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Evangelical Leader Says McCain's VP Pick 'Most Important'

( [email protected] ) Aug 27, 2008 12:15 PM EDT
A key evangelical leader with influence on American politics emphasized this past week the importance of Republican John McCain’s vice presidential pick on the decision of values voters this fall.
This Wednesday, Feb. 13, 2008 file photo shows Republican presidential hopeful, Sen. John McCain, R-Ariz., center, flanked by House Minority Leader John Boehner of Ohio, left, and Rep. Eric Cantor, R-Va., during a news conference at the Capitol Hill Club in Washington. U.S. Rep. Eric Cantor of Virginia has been asked for 'personal documents' by John McCain's campaign, a Republican knowledgeable with the discussions said Saturday. Cantor, 45, the chief deputy minority whip in the House, has been mentioned among several Republicans as a possible running mate for McCain, the presumptive GOP presidential nominee (Photo: AP Images / Gerald Herbert, file)

A key evangelical leader with influence on American politics emphasized this past week the importance of Republican John McCain’s vice presidential pick on the decision of values voters this fall.

Presumptive presidential candidate McCain’s running mate selection is the “most important” decision of the campaign, said Richard Land of the Southern Baptist Convention’s Ethics and Religious Liberty Commission to CBS News.

If McCain picks a pro-choice running mate, Land said, it will only confirm the mistrust of evangelicals toward the candidate that some have criticized as being too liberal.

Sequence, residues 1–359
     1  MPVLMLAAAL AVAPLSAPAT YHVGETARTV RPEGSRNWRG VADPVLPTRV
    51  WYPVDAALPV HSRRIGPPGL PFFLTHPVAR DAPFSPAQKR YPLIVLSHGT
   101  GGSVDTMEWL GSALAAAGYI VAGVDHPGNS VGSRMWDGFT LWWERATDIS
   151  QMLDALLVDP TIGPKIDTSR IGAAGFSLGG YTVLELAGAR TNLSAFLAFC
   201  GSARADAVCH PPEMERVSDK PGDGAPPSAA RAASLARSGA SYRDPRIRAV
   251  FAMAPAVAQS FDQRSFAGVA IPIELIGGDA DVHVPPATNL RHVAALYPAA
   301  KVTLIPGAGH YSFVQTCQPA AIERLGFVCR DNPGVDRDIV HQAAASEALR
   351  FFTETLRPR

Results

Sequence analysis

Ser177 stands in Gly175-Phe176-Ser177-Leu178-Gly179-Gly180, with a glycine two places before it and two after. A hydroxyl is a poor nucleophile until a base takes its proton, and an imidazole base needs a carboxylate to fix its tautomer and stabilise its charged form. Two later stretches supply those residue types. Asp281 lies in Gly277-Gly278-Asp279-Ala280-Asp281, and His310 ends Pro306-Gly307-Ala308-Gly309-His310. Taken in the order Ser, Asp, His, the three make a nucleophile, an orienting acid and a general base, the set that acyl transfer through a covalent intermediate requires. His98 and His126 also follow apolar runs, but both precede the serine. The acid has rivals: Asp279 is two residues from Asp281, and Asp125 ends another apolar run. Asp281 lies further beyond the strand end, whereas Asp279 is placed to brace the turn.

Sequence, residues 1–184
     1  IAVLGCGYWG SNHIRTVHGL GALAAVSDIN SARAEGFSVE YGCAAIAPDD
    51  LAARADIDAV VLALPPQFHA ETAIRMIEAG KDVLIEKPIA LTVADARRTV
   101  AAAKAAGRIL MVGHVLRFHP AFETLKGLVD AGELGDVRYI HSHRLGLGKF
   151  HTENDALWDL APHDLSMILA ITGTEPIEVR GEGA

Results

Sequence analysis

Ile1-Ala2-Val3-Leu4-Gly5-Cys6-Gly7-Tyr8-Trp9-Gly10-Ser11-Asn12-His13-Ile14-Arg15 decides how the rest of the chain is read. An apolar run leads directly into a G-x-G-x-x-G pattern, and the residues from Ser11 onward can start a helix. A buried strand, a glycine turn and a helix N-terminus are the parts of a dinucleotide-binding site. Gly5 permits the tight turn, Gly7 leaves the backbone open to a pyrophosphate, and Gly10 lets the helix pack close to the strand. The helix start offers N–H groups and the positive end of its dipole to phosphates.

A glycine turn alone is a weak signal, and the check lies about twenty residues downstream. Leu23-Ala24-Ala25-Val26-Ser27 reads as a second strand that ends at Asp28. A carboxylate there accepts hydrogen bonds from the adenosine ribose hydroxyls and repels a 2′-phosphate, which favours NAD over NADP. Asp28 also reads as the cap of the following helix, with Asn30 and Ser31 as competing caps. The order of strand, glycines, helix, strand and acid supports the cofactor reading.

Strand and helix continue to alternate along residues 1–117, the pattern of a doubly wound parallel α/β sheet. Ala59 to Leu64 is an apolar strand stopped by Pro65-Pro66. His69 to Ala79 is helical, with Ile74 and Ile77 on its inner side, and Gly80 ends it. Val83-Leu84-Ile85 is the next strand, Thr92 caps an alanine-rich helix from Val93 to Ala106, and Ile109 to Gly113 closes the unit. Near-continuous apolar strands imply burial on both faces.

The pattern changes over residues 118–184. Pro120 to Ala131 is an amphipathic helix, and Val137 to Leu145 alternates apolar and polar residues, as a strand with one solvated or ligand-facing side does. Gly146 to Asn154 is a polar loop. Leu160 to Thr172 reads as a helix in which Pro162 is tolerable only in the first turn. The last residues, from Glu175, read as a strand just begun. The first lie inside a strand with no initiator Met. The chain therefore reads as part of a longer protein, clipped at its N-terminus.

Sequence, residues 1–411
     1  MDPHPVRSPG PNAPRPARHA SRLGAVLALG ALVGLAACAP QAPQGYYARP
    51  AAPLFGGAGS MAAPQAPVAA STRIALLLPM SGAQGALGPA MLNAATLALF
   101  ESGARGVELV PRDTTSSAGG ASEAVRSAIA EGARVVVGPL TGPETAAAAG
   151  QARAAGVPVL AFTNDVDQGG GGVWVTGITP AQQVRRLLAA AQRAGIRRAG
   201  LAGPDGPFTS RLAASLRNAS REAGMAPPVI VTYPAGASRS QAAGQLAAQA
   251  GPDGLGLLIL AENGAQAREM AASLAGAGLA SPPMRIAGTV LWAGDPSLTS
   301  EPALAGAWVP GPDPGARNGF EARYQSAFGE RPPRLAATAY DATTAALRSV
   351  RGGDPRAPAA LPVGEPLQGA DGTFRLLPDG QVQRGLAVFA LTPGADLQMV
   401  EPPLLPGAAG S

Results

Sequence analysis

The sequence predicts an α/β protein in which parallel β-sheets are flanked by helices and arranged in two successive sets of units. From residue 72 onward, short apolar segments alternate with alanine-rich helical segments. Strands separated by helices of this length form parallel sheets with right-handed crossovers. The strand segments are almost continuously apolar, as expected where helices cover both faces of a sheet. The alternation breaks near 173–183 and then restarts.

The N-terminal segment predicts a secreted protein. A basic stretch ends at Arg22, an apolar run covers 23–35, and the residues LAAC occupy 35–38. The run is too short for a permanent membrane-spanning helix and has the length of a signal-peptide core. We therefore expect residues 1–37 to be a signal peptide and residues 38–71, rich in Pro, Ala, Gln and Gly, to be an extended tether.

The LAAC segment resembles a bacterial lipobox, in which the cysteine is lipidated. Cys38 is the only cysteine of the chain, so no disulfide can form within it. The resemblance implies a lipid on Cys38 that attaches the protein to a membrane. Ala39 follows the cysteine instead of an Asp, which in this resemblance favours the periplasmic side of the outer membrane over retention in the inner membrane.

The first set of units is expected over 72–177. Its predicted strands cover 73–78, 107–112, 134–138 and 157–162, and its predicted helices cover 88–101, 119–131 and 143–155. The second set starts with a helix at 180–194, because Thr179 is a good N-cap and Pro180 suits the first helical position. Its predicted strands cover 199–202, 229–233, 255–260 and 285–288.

“[H]e has no room for error, no margin for doubt,” noted the head of the public policy arm of the nation’s largest Protestant denomination.

Southern Baptists and many evangelicals, Land said, are looking at the VP’s position on the sanctity of human life, the traditional family, and religious freedom the most.

Some vice presidential candidates that religious conservatives would support include Gov. Palin of Alaska, who said she never personally considered an abortion even though her child had Downs Syndrome, and former Arkansas Gov. Mike Huckabee, who during his run this election was highly popular among evangelicals.

Regarding Mitt Romney, Land acknowledged that some evangelicals would have a problem with his Mormon faith. But as for himself, Land said although he does not consider Mormonism a Christian faith, he does not believe that disqualifies someone from being president or vice president.

Another name Land offered was Rep. Eric Cantor (R-Va.), who is the fourth highest person in the House leadership. Cantor is a practicing Jew who has a 100 percent pro-life voting record.

According to a poll conducted by the SBC’s research arm in June, 80 percent of Southern Baptist pastors said they plan to vote for McCain. Only one percent said they plan to vote for Obama, and the rest were undecided.

Land had unfavorable things to say about Obama, who he sees as extreme in his support for abortion.

In particular, the evangelical leader found it troubling that the Illinois senator has opposed a legislation that would require a doctor who performs an abortion on a late term fetus to save the baby’s life if it is born alive.

“And Senator Obama opposed that bill,” Land said. “I don’t know how you can get more pro-abortion than that. And I can’t imagine even John Kerry doing that. And, of course, in addition to which, he voted against the partial-birth abortion ban.”

Land emphasized that he does not make political endorsement and would not say who he would support. However, he said he would vote for candidates that reflect his values and leave people to “connect their own dots.”